I routinely have a lot to give thanks for on Thanksgiving, and this year is certainly no exception. Last year, Thanksgiving fell on the day after my 35th and last radiation treatment—perfect timing I thought… until I sat at our Thanksgiving Day table unexpectedly unable to eat anything from the beautifully-arrayed plate of food before me. In the months to follow, I felt as if I was the roasted turkey. This year, thanks to family and friends and love, and the loving care of doctors and nurses, I will feast.
Ungracious as it may sound, today I find myself thinking contrarily of what I won’t give thanks for. Many will take that as a definitive sign that I’m feeling better. Wanting to share my skewed perspective with you tells me I am. But before I do, I want to touch on a few of the high points of Thanksgivings past.
For 37 years, we lived in an apartment with a large-as-life, premium view of the Macy’s Thanksgiving Day Parade. Families, the children the guests of honor, crowded at our oversized windows as float after float and balloon after balloon floated by, so close you felt you could almost reach out and touch something or someone in the parade. One year, I did something almost as unlikely as that. The revival of “Brigadoon” was a Broadway hit and its star, Martin Vidnovic, was perched atop one of the floats. I called to Marty, only once, from my window. And through the din, he heard me, looked up and saw me, grinned and waved. “Been too long,” I called, “let’s have lunch.” “Name it,” he said. “Russian Tea Room, next Wednesday. 12:30,” I responded. “We’re on,” he shouted. Neither of us bothered to confirm and both of us showed up as planned.
In April of 1984, I brought a sizeable sampling of Thanksgiving from Manhattan to Tel Aviv via “the balloon man” and four of his towering Thanksgiving Day Parade balloons, leading to one of the most comically bizarre episodes of my life. You can read it on this blog, but then please come back for what “I’m Not Giving Thanks For….”
As a rule, I don’t write when I have nothing to say. Too much has already been written, and, for that matter, said and sung, and if I don’t have anything new to say, or can’t think of a new way to say what may already have been said, I don’t. Having something new to say calls for passion, or something akin to it, as well as insight.
I haven’t been passionate about anything the past month except two Broadway dramas, the exceptional “Other Desert Cities” and the mercurial “Seminar.” I haven’t been angry about anything (not even anything Republican!), nor offended or indignant. In truth, the GOP has given me great pleasure this month thanks to the presidential candidates debates. I’m giving profuse thanks for them Thursday—and every day from now until election day 2012.
I’m not giving thanks for—or to—the 12 hopeless members of the failed special Congressional committee on deficit reduction. Nor, for that matter, do I have any thanks for anyone in the United States Congress. I think they should all go home for Thanksgiving and stay there.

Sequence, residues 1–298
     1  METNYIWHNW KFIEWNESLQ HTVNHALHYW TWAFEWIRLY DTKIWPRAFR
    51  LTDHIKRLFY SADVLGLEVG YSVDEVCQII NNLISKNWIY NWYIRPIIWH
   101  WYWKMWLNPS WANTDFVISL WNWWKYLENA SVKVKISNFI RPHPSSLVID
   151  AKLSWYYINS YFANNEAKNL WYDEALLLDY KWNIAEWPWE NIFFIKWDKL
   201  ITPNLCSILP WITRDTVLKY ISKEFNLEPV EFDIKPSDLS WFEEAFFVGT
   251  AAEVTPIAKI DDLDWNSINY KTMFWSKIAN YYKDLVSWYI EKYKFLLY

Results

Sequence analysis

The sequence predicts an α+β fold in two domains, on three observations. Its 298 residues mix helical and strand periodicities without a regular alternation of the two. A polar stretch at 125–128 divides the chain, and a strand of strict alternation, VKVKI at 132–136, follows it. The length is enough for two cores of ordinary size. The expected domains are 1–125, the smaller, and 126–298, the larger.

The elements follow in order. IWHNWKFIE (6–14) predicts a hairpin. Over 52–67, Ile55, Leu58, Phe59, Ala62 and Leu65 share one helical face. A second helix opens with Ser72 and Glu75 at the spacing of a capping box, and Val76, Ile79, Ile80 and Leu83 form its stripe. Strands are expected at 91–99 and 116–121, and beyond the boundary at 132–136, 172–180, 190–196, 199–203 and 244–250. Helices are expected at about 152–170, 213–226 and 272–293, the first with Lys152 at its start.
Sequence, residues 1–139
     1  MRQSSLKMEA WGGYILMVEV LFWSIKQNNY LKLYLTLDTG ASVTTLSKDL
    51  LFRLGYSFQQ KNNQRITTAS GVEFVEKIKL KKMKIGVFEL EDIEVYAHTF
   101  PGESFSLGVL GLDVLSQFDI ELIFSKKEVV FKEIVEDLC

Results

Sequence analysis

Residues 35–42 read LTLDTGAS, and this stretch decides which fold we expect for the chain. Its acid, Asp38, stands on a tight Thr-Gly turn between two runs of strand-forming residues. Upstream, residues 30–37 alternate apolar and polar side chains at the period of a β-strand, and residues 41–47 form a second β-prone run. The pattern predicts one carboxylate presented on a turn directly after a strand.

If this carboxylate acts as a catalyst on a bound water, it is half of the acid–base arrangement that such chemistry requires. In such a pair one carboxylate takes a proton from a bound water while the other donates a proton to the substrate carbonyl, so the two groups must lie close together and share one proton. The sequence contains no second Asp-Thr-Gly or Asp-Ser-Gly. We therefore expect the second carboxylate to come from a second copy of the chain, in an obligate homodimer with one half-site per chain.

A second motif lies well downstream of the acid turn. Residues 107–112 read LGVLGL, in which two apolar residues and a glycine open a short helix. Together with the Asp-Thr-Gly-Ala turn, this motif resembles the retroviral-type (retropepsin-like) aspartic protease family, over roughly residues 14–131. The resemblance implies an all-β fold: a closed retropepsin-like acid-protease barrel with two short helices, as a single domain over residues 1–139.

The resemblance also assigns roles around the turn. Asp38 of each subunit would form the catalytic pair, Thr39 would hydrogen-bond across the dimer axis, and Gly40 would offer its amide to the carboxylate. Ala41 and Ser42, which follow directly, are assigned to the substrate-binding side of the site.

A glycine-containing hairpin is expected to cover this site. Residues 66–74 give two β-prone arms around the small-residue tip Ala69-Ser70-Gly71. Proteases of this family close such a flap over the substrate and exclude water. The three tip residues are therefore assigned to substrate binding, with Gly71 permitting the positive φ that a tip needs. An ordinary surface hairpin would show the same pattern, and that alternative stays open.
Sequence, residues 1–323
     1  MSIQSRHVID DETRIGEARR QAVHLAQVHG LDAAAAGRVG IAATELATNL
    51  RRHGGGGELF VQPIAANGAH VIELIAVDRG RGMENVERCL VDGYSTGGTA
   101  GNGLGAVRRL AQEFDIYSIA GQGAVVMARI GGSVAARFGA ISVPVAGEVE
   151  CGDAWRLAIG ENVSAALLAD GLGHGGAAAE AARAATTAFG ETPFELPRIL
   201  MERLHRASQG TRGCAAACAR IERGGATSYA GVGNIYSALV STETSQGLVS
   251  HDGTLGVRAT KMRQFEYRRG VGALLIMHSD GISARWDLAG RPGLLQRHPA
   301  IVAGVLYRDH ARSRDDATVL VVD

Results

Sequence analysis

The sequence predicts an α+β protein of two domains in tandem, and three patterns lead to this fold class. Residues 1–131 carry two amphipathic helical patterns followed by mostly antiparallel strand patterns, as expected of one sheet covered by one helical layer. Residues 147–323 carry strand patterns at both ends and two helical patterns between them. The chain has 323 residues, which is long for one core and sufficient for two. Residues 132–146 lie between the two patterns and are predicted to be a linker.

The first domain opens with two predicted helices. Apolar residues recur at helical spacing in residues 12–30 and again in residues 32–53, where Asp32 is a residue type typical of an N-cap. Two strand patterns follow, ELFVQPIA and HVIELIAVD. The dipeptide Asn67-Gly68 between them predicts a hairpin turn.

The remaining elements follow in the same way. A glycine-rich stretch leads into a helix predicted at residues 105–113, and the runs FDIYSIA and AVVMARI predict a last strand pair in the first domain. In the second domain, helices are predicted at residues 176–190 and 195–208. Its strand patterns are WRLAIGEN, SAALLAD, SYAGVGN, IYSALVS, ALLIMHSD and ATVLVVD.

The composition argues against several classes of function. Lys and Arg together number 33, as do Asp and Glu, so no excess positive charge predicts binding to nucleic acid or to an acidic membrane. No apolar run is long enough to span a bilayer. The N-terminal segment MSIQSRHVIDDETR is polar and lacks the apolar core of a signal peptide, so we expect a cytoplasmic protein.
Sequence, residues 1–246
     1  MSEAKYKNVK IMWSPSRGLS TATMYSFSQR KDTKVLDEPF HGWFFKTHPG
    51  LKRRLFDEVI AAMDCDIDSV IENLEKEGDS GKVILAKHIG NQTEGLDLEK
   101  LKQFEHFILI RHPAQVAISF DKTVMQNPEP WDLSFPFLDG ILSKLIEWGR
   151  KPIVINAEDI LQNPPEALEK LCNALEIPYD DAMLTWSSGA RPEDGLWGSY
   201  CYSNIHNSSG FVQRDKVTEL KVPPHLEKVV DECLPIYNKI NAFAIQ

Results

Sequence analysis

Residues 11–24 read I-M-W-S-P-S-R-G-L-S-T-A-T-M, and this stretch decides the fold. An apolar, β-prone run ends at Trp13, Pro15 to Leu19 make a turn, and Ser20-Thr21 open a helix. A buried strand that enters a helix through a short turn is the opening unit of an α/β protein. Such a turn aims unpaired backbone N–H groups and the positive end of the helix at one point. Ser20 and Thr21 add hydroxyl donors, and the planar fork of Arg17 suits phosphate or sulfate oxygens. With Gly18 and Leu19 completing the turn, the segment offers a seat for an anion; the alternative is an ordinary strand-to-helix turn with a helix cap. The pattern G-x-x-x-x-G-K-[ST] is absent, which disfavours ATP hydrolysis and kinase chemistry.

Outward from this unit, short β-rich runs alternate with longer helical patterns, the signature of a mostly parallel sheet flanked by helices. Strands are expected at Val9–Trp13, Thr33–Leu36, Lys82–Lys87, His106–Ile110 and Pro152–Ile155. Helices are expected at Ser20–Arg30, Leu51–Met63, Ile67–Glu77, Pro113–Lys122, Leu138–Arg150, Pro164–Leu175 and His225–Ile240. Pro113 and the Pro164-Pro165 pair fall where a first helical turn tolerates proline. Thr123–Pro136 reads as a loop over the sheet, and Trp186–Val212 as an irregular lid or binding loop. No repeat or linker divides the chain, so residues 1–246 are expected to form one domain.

I have no thanks in me for Texas, all of it, nor Arizona—not for the grief they’ve given us (as in U.S.). Ditto, the calcified and dividedly doctrinal Supreme Court, at least 5/9ths of it. In the larger picture, I’m not giving thanks, this year or any foreseeable year to the U.N. for what it’s become: the United Nations of Hypocrisy.
I’m not giving thanks for a living person anywhere in the world who has, in any way, betrayed the trust of children. Or for those who robotically repeat the euphemisms of journalists, jurists and sermonizers, hollow terms like endangerment, exploitation, trafficking, abuse. A child doesn’t have to be moved from one place to another for the offense to be child trafficking. Leaving a child with no choice is slavery, plain and simple.
I have not a shred of appreciation or compassion for any entity or organization that power has corrupted… or greed has infested and infected. “Corrupted” chiefly includes nightstick and pepper-spray wielding police, but doesn’t exclude unreasonably unruly mobs; autocrats, but also arrogant caucuses and sociopaths. The latter, “greed,” encompasses peddlers of gilt-edged schemes they wouldn’t sell to their mothers—in most cases. And other sociopaths.
I’m withholding thanks to professional sports organizations and outrageously-overpaid athletes until they get their Ps and Qs—profits and salary quotes—in order. Not so long ago, the Minnesota Timberwolves offered and basketball player Latrell Sprewell rejected a $21 million offer to extend his contract for three years as insufficient, because, said Sprewell, "I got a family to feed."
I’m not giving thanks to an Arab Spring that is metamorphosing into a bitter-cold Arab winter, contagious with unrest and pandemic in potential.
No thanks to or for Jon Corzine, Bernard Madoff, Mel Gibson (self-destructing is not enough), Mahmoud Ahmadinejad, talk radio hosts, or anyone named Newt.
Last, but not least: thanks but no thanks to the nation of sheep the U.S. has hastened to become. Either Erasmus, Anouilh or an English proverb (I’m not giving thanks for the lack of reliable attribution.) says, “In the country of the blind, the one-eyed man is king.” Beware the Cyclops who emerges to lead the bleating masses.
And this is me not being angry, offended or indignant. Happy Thanksgiving.